Ken Corbin, Internal Revenue Service (IRS) Chief Taxpayer Experience Officer, says that "not everyone wants to interact with the government, and I can tell you today, not everyone wants to interact with the IRS either.” But Corbin aims to transform the IRS customer experience through enhanced digital capabilities and robust community partnership.
The IRS’s strategic plan to improve customer experience is driven by two core principles: choice and access.
“We have to build the bridges so that people are able to access what they need; and in a time and manner in which they are accustomed to,” Corbin said at FWC’s customer experience summit on Wednesday.
In order to ensure that the IRS is engaging all taxpayers, the service is creating multiple pathways for customers to access relevant information. The IRS’s outreach efforts are designed to break down digital divides and engage people with varied technology access and experience.
“There are trusted community partners out there that can help promote good tax administration,” Corbin said. “A good example was during the economic impact payments that were distributed during the pandemic. We had to establish new relationships with homeless shelters and other nonprofits so that we could get information and communication out there. But the key learning from that is that the community trusted those who they saw. They trusted their pastor, they trusted their teacher, they trusted the director of the homeless shelter.”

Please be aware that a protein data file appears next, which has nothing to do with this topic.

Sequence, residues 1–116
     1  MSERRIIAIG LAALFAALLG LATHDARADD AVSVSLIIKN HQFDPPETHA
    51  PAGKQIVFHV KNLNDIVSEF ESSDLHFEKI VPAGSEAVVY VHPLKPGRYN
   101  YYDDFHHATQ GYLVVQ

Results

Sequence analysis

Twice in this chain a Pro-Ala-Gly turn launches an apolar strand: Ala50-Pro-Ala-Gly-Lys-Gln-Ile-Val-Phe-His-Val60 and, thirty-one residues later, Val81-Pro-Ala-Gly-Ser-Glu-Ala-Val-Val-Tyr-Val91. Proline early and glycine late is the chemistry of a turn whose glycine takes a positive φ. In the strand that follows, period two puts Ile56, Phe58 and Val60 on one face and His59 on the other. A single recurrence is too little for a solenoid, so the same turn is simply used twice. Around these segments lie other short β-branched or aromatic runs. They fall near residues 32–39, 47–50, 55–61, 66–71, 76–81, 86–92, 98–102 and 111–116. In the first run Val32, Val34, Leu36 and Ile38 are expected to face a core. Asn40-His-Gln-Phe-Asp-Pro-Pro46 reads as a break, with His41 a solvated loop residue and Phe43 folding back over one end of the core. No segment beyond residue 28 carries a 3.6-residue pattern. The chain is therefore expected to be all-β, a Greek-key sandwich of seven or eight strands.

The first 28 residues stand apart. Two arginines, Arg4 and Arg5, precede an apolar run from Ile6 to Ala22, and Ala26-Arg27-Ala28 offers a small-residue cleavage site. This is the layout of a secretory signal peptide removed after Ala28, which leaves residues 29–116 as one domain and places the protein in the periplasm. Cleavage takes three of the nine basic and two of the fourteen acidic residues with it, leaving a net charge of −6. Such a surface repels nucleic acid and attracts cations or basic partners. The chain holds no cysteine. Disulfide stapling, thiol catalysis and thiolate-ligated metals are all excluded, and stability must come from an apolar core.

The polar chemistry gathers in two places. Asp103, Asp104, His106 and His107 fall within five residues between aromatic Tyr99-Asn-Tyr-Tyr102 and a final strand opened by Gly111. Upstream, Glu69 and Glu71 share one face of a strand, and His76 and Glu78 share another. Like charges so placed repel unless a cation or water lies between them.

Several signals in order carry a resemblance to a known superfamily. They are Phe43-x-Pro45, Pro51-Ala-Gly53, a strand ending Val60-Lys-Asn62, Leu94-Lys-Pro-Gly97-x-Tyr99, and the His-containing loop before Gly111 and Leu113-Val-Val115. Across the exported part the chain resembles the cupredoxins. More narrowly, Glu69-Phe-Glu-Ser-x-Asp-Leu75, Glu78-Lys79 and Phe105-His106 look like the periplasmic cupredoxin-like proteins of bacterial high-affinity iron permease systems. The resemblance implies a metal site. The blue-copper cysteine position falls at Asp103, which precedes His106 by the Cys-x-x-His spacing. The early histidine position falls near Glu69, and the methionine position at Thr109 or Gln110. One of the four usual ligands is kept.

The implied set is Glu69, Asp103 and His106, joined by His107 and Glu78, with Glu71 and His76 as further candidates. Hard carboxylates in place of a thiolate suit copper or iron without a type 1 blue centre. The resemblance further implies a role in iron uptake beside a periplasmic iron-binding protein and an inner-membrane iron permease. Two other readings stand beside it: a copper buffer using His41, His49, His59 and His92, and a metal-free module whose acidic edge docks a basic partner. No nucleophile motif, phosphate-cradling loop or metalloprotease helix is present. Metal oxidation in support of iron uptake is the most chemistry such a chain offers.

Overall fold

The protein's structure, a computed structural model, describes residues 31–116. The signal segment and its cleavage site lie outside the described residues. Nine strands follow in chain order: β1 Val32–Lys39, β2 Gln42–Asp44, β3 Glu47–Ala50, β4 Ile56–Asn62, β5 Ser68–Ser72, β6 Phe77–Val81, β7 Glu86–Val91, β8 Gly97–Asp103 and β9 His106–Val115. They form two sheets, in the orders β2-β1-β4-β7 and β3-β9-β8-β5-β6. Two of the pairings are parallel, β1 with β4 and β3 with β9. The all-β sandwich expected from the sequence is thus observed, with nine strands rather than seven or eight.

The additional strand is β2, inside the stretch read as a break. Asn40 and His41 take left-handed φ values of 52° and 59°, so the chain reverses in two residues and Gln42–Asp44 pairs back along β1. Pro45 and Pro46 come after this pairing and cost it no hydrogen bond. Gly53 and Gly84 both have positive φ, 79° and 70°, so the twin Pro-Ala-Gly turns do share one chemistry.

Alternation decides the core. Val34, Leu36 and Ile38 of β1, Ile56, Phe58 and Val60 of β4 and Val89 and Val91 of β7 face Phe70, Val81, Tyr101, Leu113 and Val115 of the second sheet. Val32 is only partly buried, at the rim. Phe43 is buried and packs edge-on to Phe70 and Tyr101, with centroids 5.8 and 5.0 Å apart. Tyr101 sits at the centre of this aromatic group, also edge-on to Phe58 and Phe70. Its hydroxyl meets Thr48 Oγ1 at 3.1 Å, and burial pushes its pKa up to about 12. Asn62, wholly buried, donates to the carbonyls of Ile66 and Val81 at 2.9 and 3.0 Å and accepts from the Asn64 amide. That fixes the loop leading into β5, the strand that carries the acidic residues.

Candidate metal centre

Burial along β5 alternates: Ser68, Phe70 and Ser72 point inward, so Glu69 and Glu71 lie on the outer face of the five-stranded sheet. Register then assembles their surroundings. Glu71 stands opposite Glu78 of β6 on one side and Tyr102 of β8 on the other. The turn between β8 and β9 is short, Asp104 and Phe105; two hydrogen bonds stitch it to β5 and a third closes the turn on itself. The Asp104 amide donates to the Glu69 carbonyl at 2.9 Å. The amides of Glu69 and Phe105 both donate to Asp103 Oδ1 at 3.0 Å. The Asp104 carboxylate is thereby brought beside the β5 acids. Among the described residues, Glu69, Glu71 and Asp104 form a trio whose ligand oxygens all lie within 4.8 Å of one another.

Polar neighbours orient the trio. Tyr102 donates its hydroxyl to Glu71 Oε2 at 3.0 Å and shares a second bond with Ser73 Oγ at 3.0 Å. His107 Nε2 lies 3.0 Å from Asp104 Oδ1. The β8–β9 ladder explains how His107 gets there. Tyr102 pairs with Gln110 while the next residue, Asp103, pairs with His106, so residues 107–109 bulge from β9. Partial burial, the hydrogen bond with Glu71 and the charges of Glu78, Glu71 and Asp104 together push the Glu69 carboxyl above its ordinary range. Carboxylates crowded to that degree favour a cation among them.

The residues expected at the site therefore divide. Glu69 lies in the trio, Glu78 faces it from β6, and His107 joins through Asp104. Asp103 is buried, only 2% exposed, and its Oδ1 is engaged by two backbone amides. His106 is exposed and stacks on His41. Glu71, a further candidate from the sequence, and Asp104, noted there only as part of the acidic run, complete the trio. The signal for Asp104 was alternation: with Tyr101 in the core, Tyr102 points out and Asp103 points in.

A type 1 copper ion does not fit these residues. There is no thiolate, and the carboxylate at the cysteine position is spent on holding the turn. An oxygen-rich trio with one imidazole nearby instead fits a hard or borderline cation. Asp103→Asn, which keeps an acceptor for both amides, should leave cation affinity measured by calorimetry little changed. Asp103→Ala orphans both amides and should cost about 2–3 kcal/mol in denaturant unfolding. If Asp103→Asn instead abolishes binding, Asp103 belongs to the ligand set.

The agency has also expanded its multilingual communications and services.
“Part of making sure access works is that we at the IRS have to build communication tools available for those partners to be able to use readily and easily,” Corbin said. “Part of what we have to build are the digital tools for our partners that they can use to facilitate the actions needed by a taxpayer.”
As part of the IRS’s taxpayer experience roadmap, the agency plans to expand its digital services. It will establish a new online account program for individual taxpayers, taxpayer professionals, and businesses. These accounts will provide tax records, IRS communications, and information on any balances in a taxpayer's or business's account.
The IRS also plans to deploy chatbots that use AI to answer customer questions, as well as streamlining the customer help lines to cut down on wait times.
Over the next few years, Corbin expects to see significant improvement in the taxpayer experience.
“Our goal, where I want us to be in four years, I want us to answer the phone,” Corbin said. “I want us to process the returns timely. I want us to have more digital content in a way that's accessible to anyone who needs it. In four or five years, I want the headline to say, 'The IRS is hiring in rural America and providing opportunities for Americans across the country and promoting access in multiple languages in a way that people want it.' That's what we want.”